Mark Victor Hansen is a co-founder of Chicken Soup for the Soul.

Brief Biography

Hometown:
Santa Barbara, California
Date of Birth:
August 19, 1944
Place of Birth:
Fort Worth, Texas
Education:
B.A. in History, Harvard University, 1966; M.A.T. Program, University of Chicago, 1968; M.Ed., U. of Massachusetts, 1973
Website:
http://www.jackcanfield.com

Customer Reviews

Average Review:

Write a Review

and post it to your social network

     

Most Helpful Customer Reviews

See all customer reviews >

Chicken Soup for the Mother and Son Soul: Stories to Celebrate the Lifelong Bond 4.6 out of 5 based on 0 ratings. 9 reviews.
Anonymous More than 1 year ago
Anonymous More than 1 year ago
Anonymous More than 1 year ago
Anonymous More than 1 year ago
I can't even begin to do the Chicken Soup For The Soul series justice by trying to write a simple review for any of the books in the series. I have read so many of these books that we'd be here all day for me just to give you the names of the ones that I have read. Furthermore, I have given countless others away as gifts to family and friends. All I can say is that each book is everything that I expected and more. I would definitely recommend any one of the books in this series for you and/or someone that you love. For anyone who feels bound by their anger, guilt, hurt or pain, I also recommend "When God Stopped Keeping Score." I thought that "When God Stopped Keeping Score" was just about overcoming forgiveness, I soon learned, it was about so much more than that. The author actually pulls back the curtain to his own life, to offer an intimate look at the true power of forgiveness and reveals the emotional price that you must be willing to pay to live without it. All of this, while still offering up interesting and often tear worthy stories that showed you just how you should deal with friends, family and more importantly, yourself when things do go wrong. The author more importantly reveals the key to keeping these relationships strong even in the face of adversity. Having read it, I feel like a better person. Maybe that's because this book spoke to me and not down to me. I have read a lot of books that was written like I didn't know anything. What the author of "When God Stopped Keeping Score" does is talk to you like a friend. I needed that. You will understand why when you read it for yourself. It is on sale here on BN.com.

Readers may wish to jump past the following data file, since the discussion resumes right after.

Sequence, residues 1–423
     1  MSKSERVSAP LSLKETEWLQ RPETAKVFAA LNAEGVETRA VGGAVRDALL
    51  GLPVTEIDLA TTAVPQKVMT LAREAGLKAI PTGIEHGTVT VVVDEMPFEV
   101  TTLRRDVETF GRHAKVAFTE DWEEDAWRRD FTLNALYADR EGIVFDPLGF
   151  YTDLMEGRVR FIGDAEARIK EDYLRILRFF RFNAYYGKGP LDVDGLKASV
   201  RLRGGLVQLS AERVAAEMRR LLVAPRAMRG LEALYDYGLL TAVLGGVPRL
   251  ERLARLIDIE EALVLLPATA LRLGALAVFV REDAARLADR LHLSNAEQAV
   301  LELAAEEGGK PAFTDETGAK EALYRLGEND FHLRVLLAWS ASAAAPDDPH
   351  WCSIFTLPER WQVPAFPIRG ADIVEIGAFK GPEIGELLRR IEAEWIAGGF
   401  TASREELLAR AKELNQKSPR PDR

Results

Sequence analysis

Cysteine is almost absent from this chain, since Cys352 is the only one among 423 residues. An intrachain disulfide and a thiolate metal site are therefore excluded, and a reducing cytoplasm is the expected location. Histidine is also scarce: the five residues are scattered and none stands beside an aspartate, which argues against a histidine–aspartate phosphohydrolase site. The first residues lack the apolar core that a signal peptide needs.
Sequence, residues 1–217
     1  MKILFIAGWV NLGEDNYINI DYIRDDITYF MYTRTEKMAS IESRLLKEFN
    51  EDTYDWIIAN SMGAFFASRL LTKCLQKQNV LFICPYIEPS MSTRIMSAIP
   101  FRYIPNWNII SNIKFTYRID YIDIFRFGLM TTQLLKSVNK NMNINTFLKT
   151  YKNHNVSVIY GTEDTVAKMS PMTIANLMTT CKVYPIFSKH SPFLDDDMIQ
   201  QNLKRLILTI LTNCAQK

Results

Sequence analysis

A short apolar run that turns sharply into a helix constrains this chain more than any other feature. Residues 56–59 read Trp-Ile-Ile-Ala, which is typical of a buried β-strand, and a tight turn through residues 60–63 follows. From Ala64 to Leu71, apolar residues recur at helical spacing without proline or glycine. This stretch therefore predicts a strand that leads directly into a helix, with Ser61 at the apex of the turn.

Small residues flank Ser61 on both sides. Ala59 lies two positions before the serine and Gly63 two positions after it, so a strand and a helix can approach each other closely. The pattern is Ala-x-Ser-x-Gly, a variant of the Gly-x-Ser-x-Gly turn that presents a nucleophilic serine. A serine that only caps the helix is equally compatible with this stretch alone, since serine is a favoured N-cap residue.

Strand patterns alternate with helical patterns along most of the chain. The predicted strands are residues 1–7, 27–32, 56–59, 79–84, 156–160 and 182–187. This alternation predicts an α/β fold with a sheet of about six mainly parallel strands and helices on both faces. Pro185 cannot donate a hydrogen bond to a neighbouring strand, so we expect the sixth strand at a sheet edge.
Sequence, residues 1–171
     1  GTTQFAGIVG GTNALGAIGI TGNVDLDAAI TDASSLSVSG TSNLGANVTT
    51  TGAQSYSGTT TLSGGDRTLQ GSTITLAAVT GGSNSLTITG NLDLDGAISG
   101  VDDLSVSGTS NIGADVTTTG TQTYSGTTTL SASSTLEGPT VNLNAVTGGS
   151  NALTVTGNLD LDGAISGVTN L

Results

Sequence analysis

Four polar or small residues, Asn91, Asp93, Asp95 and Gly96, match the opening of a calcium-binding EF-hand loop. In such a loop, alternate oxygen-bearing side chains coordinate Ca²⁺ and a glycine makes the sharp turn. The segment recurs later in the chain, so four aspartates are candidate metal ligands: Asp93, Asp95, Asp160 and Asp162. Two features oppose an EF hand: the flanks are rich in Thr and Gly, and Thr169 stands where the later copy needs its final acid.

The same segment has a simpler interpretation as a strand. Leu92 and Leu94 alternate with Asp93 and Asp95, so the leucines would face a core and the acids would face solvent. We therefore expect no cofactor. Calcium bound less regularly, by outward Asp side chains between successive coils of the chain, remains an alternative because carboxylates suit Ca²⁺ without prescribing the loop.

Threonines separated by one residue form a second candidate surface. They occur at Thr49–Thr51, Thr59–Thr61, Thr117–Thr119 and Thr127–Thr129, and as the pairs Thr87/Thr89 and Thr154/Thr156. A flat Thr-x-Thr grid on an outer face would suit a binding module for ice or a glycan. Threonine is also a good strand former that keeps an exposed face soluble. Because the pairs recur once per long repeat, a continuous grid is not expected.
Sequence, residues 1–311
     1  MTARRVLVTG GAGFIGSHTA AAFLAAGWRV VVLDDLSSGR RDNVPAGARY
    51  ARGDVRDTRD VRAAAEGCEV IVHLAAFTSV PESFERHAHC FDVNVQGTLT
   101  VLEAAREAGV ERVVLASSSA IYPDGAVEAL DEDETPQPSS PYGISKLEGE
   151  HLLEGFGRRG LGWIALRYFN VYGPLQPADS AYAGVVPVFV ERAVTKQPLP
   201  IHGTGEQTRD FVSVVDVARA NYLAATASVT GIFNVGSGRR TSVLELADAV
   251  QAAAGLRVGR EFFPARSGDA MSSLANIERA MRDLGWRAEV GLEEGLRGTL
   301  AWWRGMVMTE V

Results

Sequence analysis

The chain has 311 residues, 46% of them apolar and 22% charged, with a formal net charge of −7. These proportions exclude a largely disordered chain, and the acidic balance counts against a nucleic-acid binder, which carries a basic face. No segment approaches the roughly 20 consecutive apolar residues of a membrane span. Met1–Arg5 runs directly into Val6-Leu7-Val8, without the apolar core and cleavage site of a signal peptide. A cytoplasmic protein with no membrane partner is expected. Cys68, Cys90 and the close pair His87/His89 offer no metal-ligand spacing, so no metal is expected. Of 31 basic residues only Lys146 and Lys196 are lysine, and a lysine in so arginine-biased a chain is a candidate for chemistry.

Guest More than 1 year ago
My niece just had a little baby boy and this is a book she will enjoy. I am sending it to her as a gift. The stories are what motherhood is all about! It certainly demonstrates 'anything can happen' in any situation. 'The Asparagus Costume' story made me chuckle. Read that story and you will laugh!
Guest More than 1 year ago
I am so happy this book came out in time for Mothers Day, it is just perfect. Mom who is in her 80' is an advid reader and loves the Chicken Soup books. This one will hit close to home.
Guest More than 1 year ago
This is a wonderful and touching book about the relationship between Mothers and Sons. I can certainly relate to the stories since I am the Mother of 2 sons, both adults now. Reading this book brought back so many wonderful memories. I am really looking forward to having grandsons!
Guest More than 1 year ago
I've been waiting for this. The stories are great. Funny and heartwarming.
Guest More than 1 year ago
I am a huge fan of Chicken Soup for the Soul books. This new title, Chicken Soup for the Mother and Son Soul, is perfect. The stories cover all ages and are written by both mothers and sons. Everyone can relate. I have already bought six copies! I will be using them as gifts for my sons and for some of my friends.